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“He’s definitely one who’s not afraid — just look at his military background,” said Steve Moyer of the group Trout Unlimited.
Our public land is something we don’t take for granted in Wyoming.
Here, every fall, sportsmen and women head for these public lands seeking adventure and the opportunity to stock our freezers and create memories (some that even hang on our walls.)
But hikers, snowmobilers, anglers, OHVers, and campers also depend on access to healthy public lands for their pursuits. Generations of families have established traditions reliant on access to our public land treasures.
So when they are threatened and at risk by land transfer bills, we don’t sit idly by.
Tasha Sorensen of Trout Unlimited is also encouraging people to attend the meeting to shut down the bill before it appears before the 2017 Legislature, which convenes Jan. 10.
Her organization supports a public lands initiative between conservation groups and the Wyoming County Commissioners Association that addresses Wilderness Study Areas. The areas have been in a holding pattern for decades because Congress won’t either designate them as official wilderness areas or release them as regular public lands.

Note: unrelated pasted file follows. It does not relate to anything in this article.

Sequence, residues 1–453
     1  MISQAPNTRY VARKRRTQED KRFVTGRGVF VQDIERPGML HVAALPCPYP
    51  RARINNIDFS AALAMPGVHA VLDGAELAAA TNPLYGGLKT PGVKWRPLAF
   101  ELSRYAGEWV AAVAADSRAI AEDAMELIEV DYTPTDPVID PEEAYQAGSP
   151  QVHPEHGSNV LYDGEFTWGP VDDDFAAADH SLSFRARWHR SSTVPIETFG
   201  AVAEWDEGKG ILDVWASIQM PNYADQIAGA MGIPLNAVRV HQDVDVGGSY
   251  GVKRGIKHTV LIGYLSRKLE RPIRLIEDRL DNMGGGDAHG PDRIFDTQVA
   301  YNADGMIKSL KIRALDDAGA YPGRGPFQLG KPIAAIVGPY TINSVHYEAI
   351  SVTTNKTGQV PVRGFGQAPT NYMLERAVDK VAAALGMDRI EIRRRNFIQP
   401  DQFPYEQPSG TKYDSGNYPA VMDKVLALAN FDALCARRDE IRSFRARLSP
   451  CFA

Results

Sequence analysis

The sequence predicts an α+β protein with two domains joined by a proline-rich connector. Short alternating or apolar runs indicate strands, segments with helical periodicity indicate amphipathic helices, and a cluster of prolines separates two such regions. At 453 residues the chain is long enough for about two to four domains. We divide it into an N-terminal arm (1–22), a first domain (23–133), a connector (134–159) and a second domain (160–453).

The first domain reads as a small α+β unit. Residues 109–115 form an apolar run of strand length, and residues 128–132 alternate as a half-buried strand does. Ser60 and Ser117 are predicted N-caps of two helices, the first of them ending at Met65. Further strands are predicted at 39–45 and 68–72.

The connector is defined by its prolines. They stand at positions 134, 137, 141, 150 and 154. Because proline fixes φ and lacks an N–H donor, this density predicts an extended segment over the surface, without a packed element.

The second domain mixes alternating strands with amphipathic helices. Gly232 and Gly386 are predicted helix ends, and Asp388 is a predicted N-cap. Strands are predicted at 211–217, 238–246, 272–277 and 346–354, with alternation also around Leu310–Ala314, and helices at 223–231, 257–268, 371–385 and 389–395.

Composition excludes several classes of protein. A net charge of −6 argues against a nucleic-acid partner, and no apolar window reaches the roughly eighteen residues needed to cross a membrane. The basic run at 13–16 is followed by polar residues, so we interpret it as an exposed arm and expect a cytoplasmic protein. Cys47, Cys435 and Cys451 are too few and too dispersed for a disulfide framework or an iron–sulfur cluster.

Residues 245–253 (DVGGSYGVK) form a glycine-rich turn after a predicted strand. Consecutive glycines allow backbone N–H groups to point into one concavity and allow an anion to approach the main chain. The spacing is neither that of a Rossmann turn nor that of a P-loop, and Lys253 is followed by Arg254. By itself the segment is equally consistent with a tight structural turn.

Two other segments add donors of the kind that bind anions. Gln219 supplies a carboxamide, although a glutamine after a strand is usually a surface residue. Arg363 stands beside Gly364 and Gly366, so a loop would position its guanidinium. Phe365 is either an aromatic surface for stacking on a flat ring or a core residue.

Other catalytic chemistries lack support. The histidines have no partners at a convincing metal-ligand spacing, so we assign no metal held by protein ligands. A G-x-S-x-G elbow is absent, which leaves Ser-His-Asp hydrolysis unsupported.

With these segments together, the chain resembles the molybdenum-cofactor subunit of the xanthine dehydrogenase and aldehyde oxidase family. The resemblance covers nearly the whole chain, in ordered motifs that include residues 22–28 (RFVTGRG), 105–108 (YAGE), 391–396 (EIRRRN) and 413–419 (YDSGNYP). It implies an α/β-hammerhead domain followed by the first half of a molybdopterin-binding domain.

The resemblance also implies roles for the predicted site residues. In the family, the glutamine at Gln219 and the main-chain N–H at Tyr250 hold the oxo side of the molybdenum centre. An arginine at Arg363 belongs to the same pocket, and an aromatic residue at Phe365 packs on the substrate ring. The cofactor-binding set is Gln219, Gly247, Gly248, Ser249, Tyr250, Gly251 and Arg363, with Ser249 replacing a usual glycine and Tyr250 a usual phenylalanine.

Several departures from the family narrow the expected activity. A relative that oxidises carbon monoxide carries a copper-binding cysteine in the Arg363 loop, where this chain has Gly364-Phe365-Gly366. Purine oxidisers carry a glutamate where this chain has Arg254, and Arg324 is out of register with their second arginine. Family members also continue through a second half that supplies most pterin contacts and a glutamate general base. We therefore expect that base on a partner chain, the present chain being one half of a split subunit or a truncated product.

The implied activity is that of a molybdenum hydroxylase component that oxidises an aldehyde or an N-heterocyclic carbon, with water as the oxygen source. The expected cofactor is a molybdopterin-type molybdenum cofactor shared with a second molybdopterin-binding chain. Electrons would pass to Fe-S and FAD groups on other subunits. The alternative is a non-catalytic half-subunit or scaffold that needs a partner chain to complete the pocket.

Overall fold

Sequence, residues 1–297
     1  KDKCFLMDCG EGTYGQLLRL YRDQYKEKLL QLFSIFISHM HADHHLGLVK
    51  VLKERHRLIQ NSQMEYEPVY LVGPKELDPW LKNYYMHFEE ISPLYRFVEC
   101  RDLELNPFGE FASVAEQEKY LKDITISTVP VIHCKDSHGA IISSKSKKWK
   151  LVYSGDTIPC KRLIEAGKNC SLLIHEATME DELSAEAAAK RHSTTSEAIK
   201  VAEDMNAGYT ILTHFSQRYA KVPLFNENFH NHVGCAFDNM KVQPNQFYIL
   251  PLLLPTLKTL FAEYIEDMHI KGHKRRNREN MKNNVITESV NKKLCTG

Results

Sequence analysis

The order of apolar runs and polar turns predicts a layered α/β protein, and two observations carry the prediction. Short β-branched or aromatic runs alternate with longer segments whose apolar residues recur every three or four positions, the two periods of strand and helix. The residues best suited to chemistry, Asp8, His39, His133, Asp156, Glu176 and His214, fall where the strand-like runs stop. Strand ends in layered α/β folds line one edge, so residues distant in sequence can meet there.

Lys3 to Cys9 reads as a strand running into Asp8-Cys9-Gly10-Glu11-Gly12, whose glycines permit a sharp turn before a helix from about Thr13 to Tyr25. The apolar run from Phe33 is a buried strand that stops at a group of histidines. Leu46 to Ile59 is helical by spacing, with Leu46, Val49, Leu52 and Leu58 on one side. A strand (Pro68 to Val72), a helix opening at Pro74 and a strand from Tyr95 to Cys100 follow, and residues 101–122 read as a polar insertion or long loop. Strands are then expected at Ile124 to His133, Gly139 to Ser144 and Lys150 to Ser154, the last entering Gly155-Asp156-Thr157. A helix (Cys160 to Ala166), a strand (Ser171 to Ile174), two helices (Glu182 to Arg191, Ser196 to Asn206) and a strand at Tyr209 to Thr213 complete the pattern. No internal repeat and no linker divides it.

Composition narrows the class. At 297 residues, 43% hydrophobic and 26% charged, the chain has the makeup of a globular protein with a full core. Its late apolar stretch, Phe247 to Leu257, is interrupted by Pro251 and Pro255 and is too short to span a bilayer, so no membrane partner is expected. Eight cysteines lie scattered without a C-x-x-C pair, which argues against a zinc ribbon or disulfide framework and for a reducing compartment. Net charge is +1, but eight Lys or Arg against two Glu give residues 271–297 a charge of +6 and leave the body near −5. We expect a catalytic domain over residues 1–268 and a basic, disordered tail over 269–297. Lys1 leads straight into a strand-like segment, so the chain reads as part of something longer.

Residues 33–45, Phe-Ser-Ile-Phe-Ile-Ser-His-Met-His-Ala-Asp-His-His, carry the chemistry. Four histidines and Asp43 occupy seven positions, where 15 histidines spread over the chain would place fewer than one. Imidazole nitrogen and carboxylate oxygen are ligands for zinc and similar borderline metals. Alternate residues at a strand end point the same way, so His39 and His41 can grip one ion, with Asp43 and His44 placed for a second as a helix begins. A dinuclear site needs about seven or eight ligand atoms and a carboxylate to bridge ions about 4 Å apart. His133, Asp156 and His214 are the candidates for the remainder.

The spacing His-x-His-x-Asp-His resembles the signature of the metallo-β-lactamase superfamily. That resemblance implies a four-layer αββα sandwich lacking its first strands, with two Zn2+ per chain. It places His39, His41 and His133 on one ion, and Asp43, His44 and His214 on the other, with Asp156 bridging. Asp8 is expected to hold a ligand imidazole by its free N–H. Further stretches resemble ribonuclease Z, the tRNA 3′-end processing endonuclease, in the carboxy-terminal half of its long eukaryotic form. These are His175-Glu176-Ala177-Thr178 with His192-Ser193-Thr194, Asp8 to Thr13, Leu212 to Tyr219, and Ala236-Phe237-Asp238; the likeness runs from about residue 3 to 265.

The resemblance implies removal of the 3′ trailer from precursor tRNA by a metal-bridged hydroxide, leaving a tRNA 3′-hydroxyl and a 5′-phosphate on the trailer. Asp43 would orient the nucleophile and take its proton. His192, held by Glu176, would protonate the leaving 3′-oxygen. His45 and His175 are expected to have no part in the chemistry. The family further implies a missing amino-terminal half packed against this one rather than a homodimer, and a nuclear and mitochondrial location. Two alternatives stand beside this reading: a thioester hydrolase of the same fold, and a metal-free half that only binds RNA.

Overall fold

She’s trying to educate the public that the initiative could be good for Wyoming. But the constitutional amendment is unacceptable because the threat of privatization of the lands, which belong to all Americans.
“When we think the federal agencies are doing a poor job managing the federal public lands, it’s disheartening that they don’t have the budgets to manage public lands,” she said. “And that’s where the solution is.”
Tasha Sorensen, Trout Unlimited's Wyoming Sportsmen's Conservation Project field representative, said Trout Unlimited would not support the bill because of its appeal to people across the nation.
"I think people moved to Wyoming because of public lands," she said. "We depend on these lands for hunting, angling and recreation. I was raised on public land and that's where I raised my kids."
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